That in death if not life they’ll have peace while they sleep."

The Pogues' anti-authoritarian streak is maybe better heard on "Red Roses..." and the third '87 LP, the almighty "If I Should Fall From Grace With God". Sandwiched inbetween, "Rum.." is lacerated with self-doubt, plagued by visions of squalor and death, as if the protagonist, the navvy, is aware that lashing out against his tormentors with fists and boots can only go so far, that his time is running out and it's mere years before he's squashed inside the trash compactor of commerce.

In 1985, my dad appeared on the evening ITV news, when a work colleague and family friend, Pat Hanley, died after going down the pit at their West London construction plant. He called for action to be taken against the site managers for providing inadequate safety equipment, as his mate's gas-bloated corpse was whisked down the morgue. Nothing happened. Everyone had a whip-round for Pat's wife and kid (serious money too, one of the codes of 'London Irish' was closing ranks when the shit hit the fan), and they came around our house a lot. The wife started drinking heavily. There was a definite mood change around that time, a feeling that once it had merely taken force of numbers and resolute will to break down and defeat highfalutin bureaucratic apathy. My dad seethed inside - he was unable to comprehend how fat cat bosses enjoyed immunity from their crimes of irresponsibility, left baffled at what had happened to union power, what a waste it had all seemed as union-bashing became the norm. Strikers at Wapping fled police batons on TV, our next door neighbour was burgled and threatened with rape, and arthritis had already begun to set into my father's hands and wrists. The gig was fucked, and the bastards could close down any pit, hospital ward or work-related death inquiry without fear of recrimination, they just kept on winning.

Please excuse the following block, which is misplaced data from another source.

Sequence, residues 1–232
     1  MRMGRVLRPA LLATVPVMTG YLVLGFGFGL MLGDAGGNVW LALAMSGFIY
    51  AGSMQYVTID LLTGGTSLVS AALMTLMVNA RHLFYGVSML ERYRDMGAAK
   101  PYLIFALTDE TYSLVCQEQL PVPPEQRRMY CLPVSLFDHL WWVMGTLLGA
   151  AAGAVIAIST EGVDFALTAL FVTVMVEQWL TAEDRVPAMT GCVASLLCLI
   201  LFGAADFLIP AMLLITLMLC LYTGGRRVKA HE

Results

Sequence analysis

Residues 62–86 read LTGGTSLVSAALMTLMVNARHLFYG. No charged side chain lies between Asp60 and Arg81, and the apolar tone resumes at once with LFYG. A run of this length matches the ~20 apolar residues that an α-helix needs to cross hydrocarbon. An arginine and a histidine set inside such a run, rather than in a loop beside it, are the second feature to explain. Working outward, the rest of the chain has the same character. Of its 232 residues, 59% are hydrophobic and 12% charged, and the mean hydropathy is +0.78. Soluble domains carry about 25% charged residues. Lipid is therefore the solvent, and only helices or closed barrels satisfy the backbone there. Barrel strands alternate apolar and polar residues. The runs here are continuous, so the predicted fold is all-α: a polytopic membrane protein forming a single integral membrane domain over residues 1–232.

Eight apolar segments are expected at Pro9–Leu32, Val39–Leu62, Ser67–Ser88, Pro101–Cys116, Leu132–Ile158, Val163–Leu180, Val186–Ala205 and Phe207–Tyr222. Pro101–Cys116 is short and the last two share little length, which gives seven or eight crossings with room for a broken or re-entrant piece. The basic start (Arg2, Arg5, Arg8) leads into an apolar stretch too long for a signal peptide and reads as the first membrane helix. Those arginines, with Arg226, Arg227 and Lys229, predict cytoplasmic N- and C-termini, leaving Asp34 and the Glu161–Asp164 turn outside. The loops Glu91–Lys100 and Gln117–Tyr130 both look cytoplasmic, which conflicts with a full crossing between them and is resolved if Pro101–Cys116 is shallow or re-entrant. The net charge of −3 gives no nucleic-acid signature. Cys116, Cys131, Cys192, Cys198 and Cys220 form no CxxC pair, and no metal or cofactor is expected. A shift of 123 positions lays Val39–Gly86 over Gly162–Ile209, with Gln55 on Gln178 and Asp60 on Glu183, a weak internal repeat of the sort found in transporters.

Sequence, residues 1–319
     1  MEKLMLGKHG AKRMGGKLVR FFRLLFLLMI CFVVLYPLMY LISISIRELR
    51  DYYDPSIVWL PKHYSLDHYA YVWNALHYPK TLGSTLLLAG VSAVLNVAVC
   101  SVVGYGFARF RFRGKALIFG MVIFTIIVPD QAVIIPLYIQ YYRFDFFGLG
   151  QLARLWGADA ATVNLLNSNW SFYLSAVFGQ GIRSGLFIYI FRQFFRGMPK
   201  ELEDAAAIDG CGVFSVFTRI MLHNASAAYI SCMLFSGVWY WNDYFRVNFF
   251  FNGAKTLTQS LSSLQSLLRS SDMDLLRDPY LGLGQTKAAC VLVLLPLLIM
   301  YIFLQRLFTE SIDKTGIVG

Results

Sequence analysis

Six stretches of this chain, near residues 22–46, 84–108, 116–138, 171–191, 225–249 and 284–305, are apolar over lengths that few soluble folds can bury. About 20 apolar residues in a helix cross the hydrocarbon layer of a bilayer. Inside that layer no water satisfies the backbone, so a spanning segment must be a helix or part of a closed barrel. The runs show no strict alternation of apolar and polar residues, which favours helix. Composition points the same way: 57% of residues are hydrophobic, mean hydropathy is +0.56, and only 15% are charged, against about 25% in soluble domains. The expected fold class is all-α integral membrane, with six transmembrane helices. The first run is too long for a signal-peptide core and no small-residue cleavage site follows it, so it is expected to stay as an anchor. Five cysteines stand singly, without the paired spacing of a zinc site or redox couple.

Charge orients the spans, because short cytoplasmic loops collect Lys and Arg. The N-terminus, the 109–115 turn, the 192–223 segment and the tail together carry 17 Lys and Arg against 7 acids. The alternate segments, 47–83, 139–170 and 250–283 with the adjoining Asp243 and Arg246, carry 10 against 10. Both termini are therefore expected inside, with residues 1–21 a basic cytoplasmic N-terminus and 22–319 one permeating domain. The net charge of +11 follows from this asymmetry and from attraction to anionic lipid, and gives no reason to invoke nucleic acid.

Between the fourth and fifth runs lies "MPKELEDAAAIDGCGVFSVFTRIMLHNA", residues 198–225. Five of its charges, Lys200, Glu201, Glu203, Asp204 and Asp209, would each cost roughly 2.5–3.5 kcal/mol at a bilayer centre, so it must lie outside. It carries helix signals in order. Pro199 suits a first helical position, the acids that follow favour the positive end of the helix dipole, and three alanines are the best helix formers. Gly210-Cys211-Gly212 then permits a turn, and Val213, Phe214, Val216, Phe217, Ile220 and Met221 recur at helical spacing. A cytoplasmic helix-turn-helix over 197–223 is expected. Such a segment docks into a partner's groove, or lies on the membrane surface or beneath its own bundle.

The accompanying video to "A Pair of Brown Eyes", one of the most powerful tracks on "RS&TL", looks comically dated now, but at the same time retains a strange sort of power. A rasta leaving a club is thrown up against a wall and frisked by cops ; mutant, dead-faced domesticated couples sit in front of the goggle box, doing exercises ; young derelicts spray red paint over photos of Thatcher on the train. The video ends with a bizarre scene that could be modelled on "The Wickerman", strange harlequin forms prancing through a forest, free of the city, the camera finally fading out on a grinning pantomime horse's head. Lyrically, it's another anti-war song, but the words zig-zag between pent up anger ("I looked at him, he looked at me, all I could do was hate him"), drunken chat up lines ("And it's how're ya kid, and what's your name, and how'd you bloody know?") and stark romanticism -

"So drunk to hell I left the place
Sometimes crawling sometimes walking
A hungry sound came across the breeze
So I gave the walls a talking
And I heard the sounds of long ago
From the old canal
And the birds were whistling in the trees
Where the wind was gently laughing"

It's apt that the insert sleeve of the record featured a shot of the Pogues sailing past Traitor's Gate on the Thames. Rebellious and raucous, but stricken with a nagging sense of grief that demands to be drunken away, this is the band's dark, decaying masterpiece, the sound of an old way of life gurgling as it sinks into the quagmire...

As will your school days, kids, I promise. Don't worry, it all gets exciting and funny at 17.